This cover feature on Bhagavata Mela Natya Vidya Sangam was first published in April 1994 in a Chennai-based magazine for the arts SRUTI No. 115 (See pages 35-39)
BHAGAVATA MELA IN MELATTUR
ROLE OF BHAGAVATA MELA NATYA VIDYA SANGAM
The following feature was written by Sruti staffer INDU RAMAN, who has been elected as the chairperson of the Melattur Bhagavata Mela Natya Vidya Sangam. It complements the feature on Bhagavata Mela published earlier (Sruti 22)
Bhagavata Mela is a unique blend of dance, drama and music. Practiced by Brahmins from the 14th century onwards, it came into vogue in Melattur, Saliyamangalam, Oothukadu, Soolamangalam, Nallur and Teperumalnallur in Tanjavur district. But it has suffered a steady decline over the decades. Scholars like E. Krishna Iyer and Mohan Khokar, as well as Rukmini Devi, have attempted to revive it; yet, it is not exactly flourishing. Today only the first two and last-named villages are clinging to the tradition and observing the rituals.
The tiny two-street village of Melattur has always enjoyed a special status and received greater attention compared to the other five villages. It has the pride of being the birth place of Venkatarama Sastri, the author of the dance-dramas being enacted today. It is believed that the mask in existence today was worshipped by him.
Melattur has preserved the tradition of annual performances more regularly than the other villages. In fact, since 1964, there are two troupes conducting festivals every summer: the Lakshmi Narasimha Jayanti Bhagavata Mela Natya Nataka Sangam, which enjoys greater recognition and local support and is led by Dubai based S. Natarajan; and the Melattur Bhagavata Mela Natya Vidya Sangam led by Bharatam R. Mahalingam. The two factions have existed independently for 30 years. A competitive spirit prevails between the two groups, but it augurs well for the tradition, in as much as, in the long run, this spirit will help to foster their common goal of maintaining the tradition.
The Natya Vidya Sangam
The bhagavatars of Melattur have kept alive a 500-year old tradition through this living ritual of faith. They have nurtured a dance-theatre as close as possible to its original form. Resisting change, struggling to survive, but steadfast in faith. The Bhagavata Mela Natya Vidya Sangam has conducted an annual festival for 29 consecutive years, in recent years at the Balu Bhagavatar Memorial open-air auditorium just outside the village. Somehow, this group has hardly received any recognition from the media and public. Nonetheless, it has been concentrating on improvements to the dance and training more youngsters to continue the tradition. This year it will stage the new production Seetha Kalyanam, for the first time on 22 May, followed by Prahlada Charitram the next day, which is Narasimha Jayanti.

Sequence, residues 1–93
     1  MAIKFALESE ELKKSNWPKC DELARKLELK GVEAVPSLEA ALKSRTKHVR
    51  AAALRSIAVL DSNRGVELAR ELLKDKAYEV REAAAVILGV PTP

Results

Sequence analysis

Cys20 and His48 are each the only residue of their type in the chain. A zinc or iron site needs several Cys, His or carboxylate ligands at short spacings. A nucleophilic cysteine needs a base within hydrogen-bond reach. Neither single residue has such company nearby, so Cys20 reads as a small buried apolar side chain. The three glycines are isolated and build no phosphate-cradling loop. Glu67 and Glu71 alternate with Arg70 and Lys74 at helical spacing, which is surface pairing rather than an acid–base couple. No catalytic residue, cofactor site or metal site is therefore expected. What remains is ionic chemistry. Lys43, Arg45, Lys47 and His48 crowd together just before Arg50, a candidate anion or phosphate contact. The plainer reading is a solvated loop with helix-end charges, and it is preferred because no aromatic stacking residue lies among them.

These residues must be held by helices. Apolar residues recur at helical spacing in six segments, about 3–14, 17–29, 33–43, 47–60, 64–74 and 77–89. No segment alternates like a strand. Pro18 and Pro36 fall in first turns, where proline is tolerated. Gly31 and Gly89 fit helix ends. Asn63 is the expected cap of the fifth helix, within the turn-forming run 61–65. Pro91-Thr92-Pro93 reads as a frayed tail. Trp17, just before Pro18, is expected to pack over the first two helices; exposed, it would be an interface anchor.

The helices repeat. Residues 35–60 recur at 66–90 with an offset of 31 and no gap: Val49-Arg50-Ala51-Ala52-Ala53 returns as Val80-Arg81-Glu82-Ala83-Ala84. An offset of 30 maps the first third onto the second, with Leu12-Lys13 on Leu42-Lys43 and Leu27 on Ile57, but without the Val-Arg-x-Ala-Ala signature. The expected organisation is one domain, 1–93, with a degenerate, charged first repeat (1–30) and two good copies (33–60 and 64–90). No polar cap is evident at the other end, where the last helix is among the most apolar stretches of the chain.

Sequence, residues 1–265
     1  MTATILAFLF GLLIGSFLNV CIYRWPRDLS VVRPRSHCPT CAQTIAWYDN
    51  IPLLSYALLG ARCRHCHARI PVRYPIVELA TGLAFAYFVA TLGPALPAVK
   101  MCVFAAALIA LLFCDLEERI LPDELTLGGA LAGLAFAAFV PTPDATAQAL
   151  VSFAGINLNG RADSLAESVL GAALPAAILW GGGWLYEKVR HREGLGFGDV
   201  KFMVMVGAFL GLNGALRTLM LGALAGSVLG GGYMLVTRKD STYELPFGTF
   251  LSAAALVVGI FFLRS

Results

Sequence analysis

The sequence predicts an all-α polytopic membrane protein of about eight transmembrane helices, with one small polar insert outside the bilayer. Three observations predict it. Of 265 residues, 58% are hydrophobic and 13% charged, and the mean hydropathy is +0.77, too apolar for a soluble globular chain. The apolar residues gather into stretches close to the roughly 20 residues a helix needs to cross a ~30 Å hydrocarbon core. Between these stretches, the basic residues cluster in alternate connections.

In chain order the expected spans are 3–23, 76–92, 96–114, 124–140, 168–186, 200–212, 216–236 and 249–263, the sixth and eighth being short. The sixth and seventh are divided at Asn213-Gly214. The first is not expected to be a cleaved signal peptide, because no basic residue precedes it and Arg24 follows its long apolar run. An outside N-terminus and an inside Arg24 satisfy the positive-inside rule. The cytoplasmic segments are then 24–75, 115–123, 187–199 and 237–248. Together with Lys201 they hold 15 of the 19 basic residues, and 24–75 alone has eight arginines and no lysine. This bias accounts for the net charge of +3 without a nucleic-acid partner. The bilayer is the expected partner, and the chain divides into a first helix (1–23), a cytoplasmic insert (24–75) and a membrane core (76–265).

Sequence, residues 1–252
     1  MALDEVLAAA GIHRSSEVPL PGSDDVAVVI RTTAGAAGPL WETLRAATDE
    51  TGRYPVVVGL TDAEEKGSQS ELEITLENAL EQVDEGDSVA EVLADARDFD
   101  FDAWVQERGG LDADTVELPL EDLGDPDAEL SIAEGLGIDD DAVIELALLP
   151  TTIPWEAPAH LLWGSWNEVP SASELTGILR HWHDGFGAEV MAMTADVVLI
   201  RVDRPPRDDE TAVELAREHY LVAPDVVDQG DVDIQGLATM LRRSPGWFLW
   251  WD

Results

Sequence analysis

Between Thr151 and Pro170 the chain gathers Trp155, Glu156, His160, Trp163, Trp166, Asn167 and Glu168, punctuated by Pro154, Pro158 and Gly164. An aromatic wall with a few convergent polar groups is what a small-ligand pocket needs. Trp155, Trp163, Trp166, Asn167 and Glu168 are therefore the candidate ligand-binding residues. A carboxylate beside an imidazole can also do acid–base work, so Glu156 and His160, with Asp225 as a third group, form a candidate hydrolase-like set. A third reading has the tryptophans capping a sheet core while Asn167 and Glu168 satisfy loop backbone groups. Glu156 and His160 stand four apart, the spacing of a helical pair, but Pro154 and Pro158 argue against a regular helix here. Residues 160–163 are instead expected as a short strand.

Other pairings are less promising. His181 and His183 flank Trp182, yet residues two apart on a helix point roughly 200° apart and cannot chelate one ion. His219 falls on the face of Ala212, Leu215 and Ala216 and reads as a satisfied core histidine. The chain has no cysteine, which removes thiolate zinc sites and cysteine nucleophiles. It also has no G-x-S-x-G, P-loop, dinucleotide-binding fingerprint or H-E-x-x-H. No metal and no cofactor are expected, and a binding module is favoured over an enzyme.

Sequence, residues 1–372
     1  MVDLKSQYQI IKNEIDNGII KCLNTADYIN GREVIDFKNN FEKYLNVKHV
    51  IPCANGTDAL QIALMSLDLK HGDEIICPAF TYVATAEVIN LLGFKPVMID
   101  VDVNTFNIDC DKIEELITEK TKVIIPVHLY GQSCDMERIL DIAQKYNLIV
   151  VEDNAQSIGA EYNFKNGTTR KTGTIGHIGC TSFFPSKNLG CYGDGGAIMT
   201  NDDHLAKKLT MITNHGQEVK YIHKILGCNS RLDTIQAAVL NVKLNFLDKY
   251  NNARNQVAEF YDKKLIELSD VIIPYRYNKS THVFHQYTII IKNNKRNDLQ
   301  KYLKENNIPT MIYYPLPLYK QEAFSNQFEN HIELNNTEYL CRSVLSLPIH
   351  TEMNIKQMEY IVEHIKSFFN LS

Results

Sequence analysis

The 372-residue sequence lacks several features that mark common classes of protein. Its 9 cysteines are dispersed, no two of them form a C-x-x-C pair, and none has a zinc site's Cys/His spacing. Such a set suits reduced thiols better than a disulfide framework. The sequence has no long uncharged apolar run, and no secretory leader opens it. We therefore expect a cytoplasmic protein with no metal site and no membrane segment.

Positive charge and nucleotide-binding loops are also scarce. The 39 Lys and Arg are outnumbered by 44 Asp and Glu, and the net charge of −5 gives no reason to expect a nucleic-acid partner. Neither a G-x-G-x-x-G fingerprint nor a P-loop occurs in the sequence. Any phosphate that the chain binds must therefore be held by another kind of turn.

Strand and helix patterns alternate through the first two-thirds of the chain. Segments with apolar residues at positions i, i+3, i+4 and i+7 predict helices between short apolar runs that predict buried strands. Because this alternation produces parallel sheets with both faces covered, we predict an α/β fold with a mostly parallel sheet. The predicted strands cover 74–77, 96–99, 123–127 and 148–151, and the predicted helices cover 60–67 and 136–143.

The dance-actors of the Bhagavata Mela Natya Vidya Sangam are all amateurs; their professional interest lies elsewhere. Bharatam R. Mahalingam (Mali), its chief dancer and lead actor, is the village administration officer. S. Gopalakrishnan (Gopu) gave up a job as an accountant to become its Secretary. S. Nagarajan is a sales person who has requested a transfer to Thiruchi from Bombay so that he can practice dance more often. R. Subramanian is a Customs officer. They all converge at Melattur at least two weeks before the annual festival, so that they can rehearse their roles.
Mali is the nephew of P. K. ‘Melattur’ Subbier, a disciple of Ariyakudi Ramanuja Iyengar. Subbier was the main musician and moving spirit behind the group till his death two years ago. His brother P.K. Ramalingam (92), Mali’s father, was a source of inspiration and unifying factor till his demise in October 1993. Mali had his debut as Prahlada when he was seven. He grew into the female lead, as Rukmini, Parvati and other characters. He is endowed with a highly mobile face and his large eyes are a vehicle for the subtle expression of fleeting emotions. Last year he made a smooth transition to male leads- as Hiranyakasipu and Harischandra. The dramatic, masculine histrionics come easily to him. His abilities are evident when he helps fellow dancers to bring out their best. Even rehearsals become an intense spiritual experience when he takes the floor. He is still reticent about dialogue delivery. If he would overcome this hurdle, the quality of his performance should be splendid.
R. Subramanian (Mani) and S. Nagarajan pull off their female roles with great aplomb. Mani’s Bhooma Devi in Prahlada Charitram is an essay in dignity. Looking as though he has stepped out of a Ravi Varma painting, he executes his pravesa daru and a teermanam flawlessly and with grace. One never suspected that he could score in abhinaya as well, but what a charming, mischievous Matanga kanya he makes, attempting to seduce the noble Harischandra!
In fact, this is one scene which illustrates the fact that spontaneity is one of the strong points of Bhagavata Mela Natakam. Two Matanga kanya-s are sent by Vishwamitra to test Harischandra’s character. As the guards try to chase them away, the girls run around trying to reach the king. Chandramati is horrified and protectively shields her husband while shooing the two away. There is much running around, confusion, feminine mischief and frivolity in this scene. The action-reaction sequence is spontaneous, and the better for not being rehearsed painstakingly.